Stoklos has stewed over this inequity as his game has blossomed, at times trying so hard to be as glib as Smith that you can almost see the beads of perspiration standing out on his enormous brow. "Randy's the most dominating player on the tour," says Obradovich, "but Sinjin gets all the publicity because he can talk. That's why we need Sinjin on the tour. If we have to rely on Randy Stoklos to talk, we're screwed."
Smith plays in one of the few sports in which the combination of his hunky good looks and his obvious intelligence probably work against him with the players, and he knows he is far from being the most beloved pro on the tour. "It's basically their ignorance," he says of the players who whine about him hogging the limelight. "The more I do, the more publicity I get. the bigger the prize money, the better it is for them. But that doesn't stop them from hammering me every time they talk about me. They'd rather bitch than do something to help themselves."
A gigantic picture of Smith—bare-chested, with a beautiful woman wrapped around his shoulders—once appeared on billboards all over California, below the message MILK—IT DOES A BODY GOOD. Sinjin's younger brother. Andrew, is such a successful fashion model that a modeling assignment once forced him to abandon a tournament they were doing well in, thus leaving his partner to play one-on-two for fifth place. So many of the top players are also pursuing modeling careers, in fact, that the players who are merely normal-looking have begun to feel the beach Adonises have an unfair competitive advantage. "When our sport became popular, people saw the glamourous aspect of it and really tapped into that." Stevenson says. "Now you've got guys getting better, contracts [from sponsors] because they are models. That's the reality of the sport these days. I resent it when I get overlooked for things because I haven't taken that tack. I don't like to have to be tan. I hope there's room in the sport for the thinking man's volleyball player."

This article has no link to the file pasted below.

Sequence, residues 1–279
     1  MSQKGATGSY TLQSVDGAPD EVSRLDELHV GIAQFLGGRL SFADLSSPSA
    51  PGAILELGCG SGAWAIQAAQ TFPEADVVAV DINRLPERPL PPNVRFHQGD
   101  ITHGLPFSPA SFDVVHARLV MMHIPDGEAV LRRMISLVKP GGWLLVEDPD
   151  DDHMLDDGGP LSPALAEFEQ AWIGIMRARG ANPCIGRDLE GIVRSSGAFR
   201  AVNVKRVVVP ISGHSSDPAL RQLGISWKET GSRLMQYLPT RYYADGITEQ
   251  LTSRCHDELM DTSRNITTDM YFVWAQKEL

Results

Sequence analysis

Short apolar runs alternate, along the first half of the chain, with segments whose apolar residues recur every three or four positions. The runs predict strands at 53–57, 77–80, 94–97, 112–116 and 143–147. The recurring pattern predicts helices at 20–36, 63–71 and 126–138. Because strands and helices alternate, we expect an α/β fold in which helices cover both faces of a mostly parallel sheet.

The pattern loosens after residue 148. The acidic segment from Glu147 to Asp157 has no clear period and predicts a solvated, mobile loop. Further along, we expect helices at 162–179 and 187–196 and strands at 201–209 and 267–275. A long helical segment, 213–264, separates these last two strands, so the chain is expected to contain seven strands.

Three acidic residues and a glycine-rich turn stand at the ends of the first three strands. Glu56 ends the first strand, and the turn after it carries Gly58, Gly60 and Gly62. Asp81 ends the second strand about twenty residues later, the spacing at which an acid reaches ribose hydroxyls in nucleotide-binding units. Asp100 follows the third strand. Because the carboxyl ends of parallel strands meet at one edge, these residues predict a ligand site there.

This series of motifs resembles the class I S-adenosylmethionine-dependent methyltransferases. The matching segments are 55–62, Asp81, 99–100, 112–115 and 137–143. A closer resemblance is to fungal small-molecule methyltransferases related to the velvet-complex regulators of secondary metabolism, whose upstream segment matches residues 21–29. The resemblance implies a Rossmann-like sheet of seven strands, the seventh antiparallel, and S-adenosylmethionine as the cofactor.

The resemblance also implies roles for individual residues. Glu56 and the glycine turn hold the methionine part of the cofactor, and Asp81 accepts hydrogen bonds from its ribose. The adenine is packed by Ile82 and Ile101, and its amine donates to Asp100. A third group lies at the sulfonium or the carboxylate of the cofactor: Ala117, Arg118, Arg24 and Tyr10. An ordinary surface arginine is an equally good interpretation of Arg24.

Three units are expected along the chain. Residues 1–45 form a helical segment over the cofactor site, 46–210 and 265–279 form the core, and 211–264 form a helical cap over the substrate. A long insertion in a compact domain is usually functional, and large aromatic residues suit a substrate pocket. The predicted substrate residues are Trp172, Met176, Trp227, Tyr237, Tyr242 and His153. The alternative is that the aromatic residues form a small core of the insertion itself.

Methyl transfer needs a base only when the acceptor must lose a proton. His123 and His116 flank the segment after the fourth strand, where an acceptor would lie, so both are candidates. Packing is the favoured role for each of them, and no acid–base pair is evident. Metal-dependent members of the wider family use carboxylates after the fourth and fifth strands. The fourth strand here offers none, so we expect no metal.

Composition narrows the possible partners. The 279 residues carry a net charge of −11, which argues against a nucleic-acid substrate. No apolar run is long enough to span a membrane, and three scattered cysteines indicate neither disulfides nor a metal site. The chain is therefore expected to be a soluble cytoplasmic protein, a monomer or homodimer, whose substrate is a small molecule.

Well, there may be room for him. but probably not on the team of Scott Ayakatubby, 24, and Brent Frohoff, 25. "Those guys should win every match they play." says Obradovich, "but they haven't got a brain between them." On the very day that Obradovich made this observation at the Hawaii Open, the two played their way into the finals by winning several long, grueling games in heat that exceeded 90�. They might have won the whole tournament were it not for the fact that Ayakatubby suddenly passed out from heat exhaustion after upsetting favorites Smith and Stoklos in the semifinals. As a result. Hovland and Dodd won the tournament by default.
To their credit, the players have not all let the money change them. Hovland still brays throughout every match, sometimes at himself, but more often at Dodd. Hovland is also the game's foremost practitioner of the withering glare, which players characteristically direct at their teammates when they have missed digging a ball out of the sand on an crucial point. "Tim's got a great stinkeye," Stevenson says.
Stoklos figures he will make $100,000 on endorsement deals this year, and if he and Smith can regain their touch on the tour, his total income could go as high as $250,000. "Before we were playing for all this prize money," he says, "we were stars in our own little cults. People looked up to us. We were heroes in our own right. Even now, we're not thinking about prize money. It's still, Who's King of the Beach?"